The atomic bomb dropped on Hiroshima wiped out parts of the city without a trace. And even today there is a line that stretches back to the unfathomable destruction that was wreaked on the city that day in August 1945. The case of Hiroshima is decisively different from other cities that were destroyed in war, like Stalingrad (*2) or Dresden.(*3) In the cases of such cities that were filled with rubble, the task of rebuilding the roads and buildings was more straightforward; whereas the atomic attack turned Hiroshima into a wasteland, raising the question of where the residents might live. In August 1945 the answer to that question was not clear. Indeed, at first it was thought that the city would remain as ashes and that people would shun the place as a “realm of death.”

Quite to the contrary, Hiroshima gained a new lease on life. Like a sick person who has come back from the brink of death, the city was able to recover to the point where it once again sparkled with vitality.

Recovery Is Always Possible

I am curious to find out from ordinary Japanese students, from the junior-high to university level, what they think the charms of Hiroshima are. After students on school trips visit the Memorial Park and learn about the tragic atomic bombing, where do they spend time in the city? Maybe some visit Mazda Museum. Car fans might travel to Hiroshima to see the Mazda cars there that can be seen on city streets in Europe, North America, and Asia. Or maybe others visit the art museums or just walk around the city to window shop. Those are some of the many ordinary sorts of things that visitors to Hiroshima might do.

And those are the same sorts of everyday ways of spending time that one can see in cities around the world, whether Paris, London, Beijing, New York, or Tokyo. For people around the world, however, Hiroshima is a symbol of the tragedy of the nuclear attack.

But it doesn’t seem like that at all to those who are walking around the city, checking out the latest Mazda cars, or sipping a coffee at a downtown cafe. People there are not always thinking of themselves as victims of the nuclear attack; they are just caught up in the various activities in their daily lives. I think this normality is the great secret that Hiroshima reveals, as well as its lesson for us. Life goes on and thrives in Hiroshima today!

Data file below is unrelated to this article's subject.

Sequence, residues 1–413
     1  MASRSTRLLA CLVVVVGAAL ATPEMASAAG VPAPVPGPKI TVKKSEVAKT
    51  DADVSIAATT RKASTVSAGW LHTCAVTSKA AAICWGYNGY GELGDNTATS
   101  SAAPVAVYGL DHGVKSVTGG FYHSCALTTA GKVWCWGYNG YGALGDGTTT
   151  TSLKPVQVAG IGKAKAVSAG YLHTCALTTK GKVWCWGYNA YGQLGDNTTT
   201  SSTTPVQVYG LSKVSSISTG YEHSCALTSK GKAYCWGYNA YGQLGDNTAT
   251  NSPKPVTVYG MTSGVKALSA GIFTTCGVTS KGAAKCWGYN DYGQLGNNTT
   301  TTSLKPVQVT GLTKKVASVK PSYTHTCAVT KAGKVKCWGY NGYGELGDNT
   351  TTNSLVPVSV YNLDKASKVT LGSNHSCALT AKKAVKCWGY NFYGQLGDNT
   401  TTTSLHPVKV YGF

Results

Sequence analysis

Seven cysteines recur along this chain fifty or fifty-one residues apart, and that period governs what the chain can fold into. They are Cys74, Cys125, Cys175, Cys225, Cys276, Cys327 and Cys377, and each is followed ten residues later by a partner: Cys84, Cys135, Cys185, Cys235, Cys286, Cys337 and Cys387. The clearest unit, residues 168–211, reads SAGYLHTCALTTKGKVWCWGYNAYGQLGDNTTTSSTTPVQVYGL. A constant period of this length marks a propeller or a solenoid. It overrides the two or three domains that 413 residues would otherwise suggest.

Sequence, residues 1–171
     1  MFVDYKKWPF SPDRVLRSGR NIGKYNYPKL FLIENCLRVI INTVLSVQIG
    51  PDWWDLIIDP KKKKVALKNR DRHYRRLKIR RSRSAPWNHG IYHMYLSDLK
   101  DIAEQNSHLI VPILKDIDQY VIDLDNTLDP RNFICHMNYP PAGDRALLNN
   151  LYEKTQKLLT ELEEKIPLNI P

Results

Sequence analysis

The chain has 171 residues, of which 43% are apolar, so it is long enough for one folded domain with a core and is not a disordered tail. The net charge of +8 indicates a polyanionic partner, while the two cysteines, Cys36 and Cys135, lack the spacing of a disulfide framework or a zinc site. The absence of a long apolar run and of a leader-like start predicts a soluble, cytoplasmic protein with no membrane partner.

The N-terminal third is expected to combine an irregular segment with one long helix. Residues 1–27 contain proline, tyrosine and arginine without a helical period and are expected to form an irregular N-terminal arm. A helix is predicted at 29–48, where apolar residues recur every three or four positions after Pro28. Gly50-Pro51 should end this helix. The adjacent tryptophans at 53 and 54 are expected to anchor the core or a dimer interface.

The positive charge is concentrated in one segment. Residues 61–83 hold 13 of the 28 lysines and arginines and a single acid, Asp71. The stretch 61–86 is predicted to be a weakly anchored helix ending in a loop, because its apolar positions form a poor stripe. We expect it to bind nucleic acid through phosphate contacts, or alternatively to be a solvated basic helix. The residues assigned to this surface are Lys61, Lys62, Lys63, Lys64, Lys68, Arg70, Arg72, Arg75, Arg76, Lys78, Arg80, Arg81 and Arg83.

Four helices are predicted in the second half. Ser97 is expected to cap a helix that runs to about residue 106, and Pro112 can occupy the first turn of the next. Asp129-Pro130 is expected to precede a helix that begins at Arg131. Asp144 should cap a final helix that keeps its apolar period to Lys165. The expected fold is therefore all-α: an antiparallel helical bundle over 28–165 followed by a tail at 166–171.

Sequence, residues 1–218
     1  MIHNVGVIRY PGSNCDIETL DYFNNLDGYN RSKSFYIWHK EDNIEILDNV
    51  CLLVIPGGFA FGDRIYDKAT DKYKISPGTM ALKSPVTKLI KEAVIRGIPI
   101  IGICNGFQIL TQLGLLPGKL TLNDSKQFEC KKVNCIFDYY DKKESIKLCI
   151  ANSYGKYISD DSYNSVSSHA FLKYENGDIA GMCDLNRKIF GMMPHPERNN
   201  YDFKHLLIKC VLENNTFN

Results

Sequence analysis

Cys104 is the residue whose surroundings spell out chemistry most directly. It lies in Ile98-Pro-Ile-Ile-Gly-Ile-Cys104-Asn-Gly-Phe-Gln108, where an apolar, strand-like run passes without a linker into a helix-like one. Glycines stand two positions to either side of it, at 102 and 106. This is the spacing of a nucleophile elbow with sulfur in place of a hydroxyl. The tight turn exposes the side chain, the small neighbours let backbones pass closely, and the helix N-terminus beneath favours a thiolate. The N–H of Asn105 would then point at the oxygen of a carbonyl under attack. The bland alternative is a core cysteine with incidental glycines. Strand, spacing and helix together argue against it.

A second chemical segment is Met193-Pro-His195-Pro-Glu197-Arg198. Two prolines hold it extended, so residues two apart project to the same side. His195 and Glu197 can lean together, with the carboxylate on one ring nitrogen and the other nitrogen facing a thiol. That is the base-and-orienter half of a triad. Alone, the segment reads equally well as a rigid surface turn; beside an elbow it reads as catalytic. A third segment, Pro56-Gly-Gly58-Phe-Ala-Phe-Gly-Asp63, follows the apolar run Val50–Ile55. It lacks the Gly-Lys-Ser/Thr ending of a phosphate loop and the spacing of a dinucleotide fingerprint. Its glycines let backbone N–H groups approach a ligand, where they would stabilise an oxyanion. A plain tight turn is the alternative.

View of the Genbaku Dome on the day of the Hiroshima Peace Memorial Ceremony, with the Hiroshima Peace Memorial Park behind it. (© Jiji Press)

The Hiroshima Peace Memorial Museum and Hiroshima Peace Memorial Park are at the heart of Hiroshima, and one gets the sense that the historical raison d’être of the city is to preserve the memory of the atomic bombings. Yet for those who visit this modern, charm-filled city, it is the ordinary, everyday life there that is the most moving thing. Seeing the people on the streets of Hiroshima go about their daily lives is a great source of hope to visitors—and to everyone in the world, particularly to those of us who are living so close to the cauldron of war.

Human beings have not been able to learn the lessons of the atomic bombing tragedy. One country after another has developed its own nuclear weapons. What governs the world today is not the rule of law but brute violence. But the fact that Hiroshima rose from the ashes has demonstrated to the world, by the city’s very existence, the tremendous, irrepressible power of life.

(Originally written in Russian and published on December 16, 2015. Banner photo: The aogiri [Chinese parasol] trees that miraculously survived the August 1945 nuclear bomb blast and bloomed the following year; seedlings of those trees were planted in locations around the world.)

(*1) ^ This quote appears in Clausewitz’s classic book On War, in which he draws on his experience as an officer in the Prussian Army during the Napoleonic Wars to formulate a theory of military strategy and war.

(*2) ^ The fierce battle between Nazi Germany and the Soviet Red Army in Stalingrad (now Volgograd) in 1942–43 reduced the city to rubble, resulting in around 850,000 German deaths and 1.2 million Soviet deaths.

(*3) ^ In February 1945, just prior to the surrender of Nazi Germany, an Anglo-American air raid on the city of Dresden wiped out around 85% of the city. The exact number of victims of the attack is unknown, but estimates range from 25,000 to 135,000.

  • [2016.03.04]

Political analyst, TV presenter, and commentator for Radio Svoboda. In 1990 graduated from the Moscow University Faculty of Journalism. From 1989 to 1995 was a columnist for the Nezavisimaya Gazeta (Moscow). From 2010 to 2012 worked as editor-in-chief of the Ukrainian TV channel ТVі. Since November 2013 has been creating programs at Espresso TV channel. He has written analytical articles for newspapers in Ukraine, Russia, Belarus, Poland, and Israel.